I’m inclined to believe that people’s viewing is dictated by the structure and hierarchy of the page they’re viewing, as well as personal preference. Pan et al. (2004) concluded the same in their research, saying:

“The present research confirmed previous work in that individual characteristics of the viewer as well as the stimuli both contribute to viewers’ eye movement behavior.”

So viewing patterns could mean something when people would be viewing a website with a lack of hierarchy, but as soon as you add focus and hierarchy to your website, people will start following that hierarchy. Djamasbi, Siegel & Tullis (2011), Granka, Hembrooke & Gay (2006) and Habuchi, Takeuchi & Kitajima (2006) all concluded similar findings.

What I mean by ‘structure’ is made clear by all the ‘viewing heatmaps’ I’ve seen regarding the F-pattern. A lot of these studies have focused on search result pages, which are already content heavy on the left side. So people will obviously view the left side of those pages more. However, if you add a ‘heavy’ or large object, whether textual or visual, to the right side, people’s viewing will almost certainly be drawn to that. So, how you’ve structured the design of your page will direct how people view your page.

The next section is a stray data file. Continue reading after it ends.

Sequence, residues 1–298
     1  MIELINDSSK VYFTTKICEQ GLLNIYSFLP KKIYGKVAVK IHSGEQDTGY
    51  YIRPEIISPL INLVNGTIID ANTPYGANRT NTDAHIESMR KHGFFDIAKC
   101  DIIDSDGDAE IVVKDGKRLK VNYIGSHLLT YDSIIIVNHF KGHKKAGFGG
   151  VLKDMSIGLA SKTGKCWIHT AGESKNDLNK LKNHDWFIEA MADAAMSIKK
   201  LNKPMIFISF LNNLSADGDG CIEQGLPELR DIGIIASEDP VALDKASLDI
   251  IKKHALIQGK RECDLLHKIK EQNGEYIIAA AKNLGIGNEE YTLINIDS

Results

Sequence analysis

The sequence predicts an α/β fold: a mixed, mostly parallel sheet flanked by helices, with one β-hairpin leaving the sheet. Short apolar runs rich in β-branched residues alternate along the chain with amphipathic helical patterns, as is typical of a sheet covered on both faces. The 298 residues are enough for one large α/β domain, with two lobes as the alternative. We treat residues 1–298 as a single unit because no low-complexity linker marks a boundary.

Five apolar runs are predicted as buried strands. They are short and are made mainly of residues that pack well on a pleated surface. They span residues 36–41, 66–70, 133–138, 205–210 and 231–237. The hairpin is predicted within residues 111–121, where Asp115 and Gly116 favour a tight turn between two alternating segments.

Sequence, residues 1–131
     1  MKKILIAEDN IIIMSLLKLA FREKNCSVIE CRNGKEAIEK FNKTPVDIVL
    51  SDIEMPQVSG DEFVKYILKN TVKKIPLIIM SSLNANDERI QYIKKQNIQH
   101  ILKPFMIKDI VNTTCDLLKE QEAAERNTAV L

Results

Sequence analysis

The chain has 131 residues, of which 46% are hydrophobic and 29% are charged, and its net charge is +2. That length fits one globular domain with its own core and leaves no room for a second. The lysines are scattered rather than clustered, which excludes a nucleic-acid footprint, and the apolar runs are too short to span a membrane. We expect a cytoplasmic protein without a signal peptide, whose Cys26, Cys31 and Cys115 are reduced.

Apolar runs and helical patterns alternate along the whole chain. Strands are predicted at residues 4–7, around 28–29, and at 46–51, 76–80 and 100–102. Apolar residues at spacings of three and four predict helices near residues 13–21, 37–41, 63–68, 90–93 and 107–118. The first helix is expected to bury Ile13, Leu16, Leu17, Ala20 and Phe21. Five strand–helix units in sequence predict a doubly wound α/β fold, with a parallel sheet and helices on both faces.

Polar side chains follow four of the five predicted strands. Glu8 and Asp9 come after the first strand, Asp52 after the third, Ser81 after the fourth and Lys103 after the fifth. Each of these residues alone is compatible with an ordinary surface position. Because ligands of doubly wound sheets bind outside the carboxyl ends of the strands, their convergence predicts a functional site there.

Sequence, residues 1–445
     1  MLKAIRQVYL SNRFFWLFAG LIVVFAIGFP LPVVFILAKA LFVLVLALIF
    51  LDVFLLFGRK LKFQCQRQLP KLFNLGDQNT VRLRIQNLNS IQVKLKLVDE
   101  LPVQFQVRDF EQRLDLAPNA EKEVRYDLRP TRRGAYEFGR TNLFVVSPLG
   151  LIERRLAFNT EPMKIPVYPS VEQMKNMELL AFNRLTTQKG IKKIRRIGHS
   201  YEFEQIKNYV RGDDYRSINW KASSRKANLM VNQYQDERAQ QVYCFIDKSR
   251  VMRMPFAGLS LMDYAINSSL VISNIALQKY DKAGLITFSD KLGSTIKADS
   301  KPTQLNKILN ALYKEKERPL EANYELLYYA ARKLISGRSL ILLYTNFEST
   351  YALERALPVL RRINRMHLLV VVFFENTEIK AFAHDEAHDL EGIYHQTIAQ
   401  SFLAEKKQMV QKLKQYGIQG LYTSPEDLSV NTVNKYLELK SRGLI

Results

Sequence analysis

I’ve not even mentioned the fact that all these patterns are, in their basis, very similar. So similar, in fact, that UX Movement reviewed the Gutenberg Diagram, while showing a viewing direction which is clearly a Z-pattern.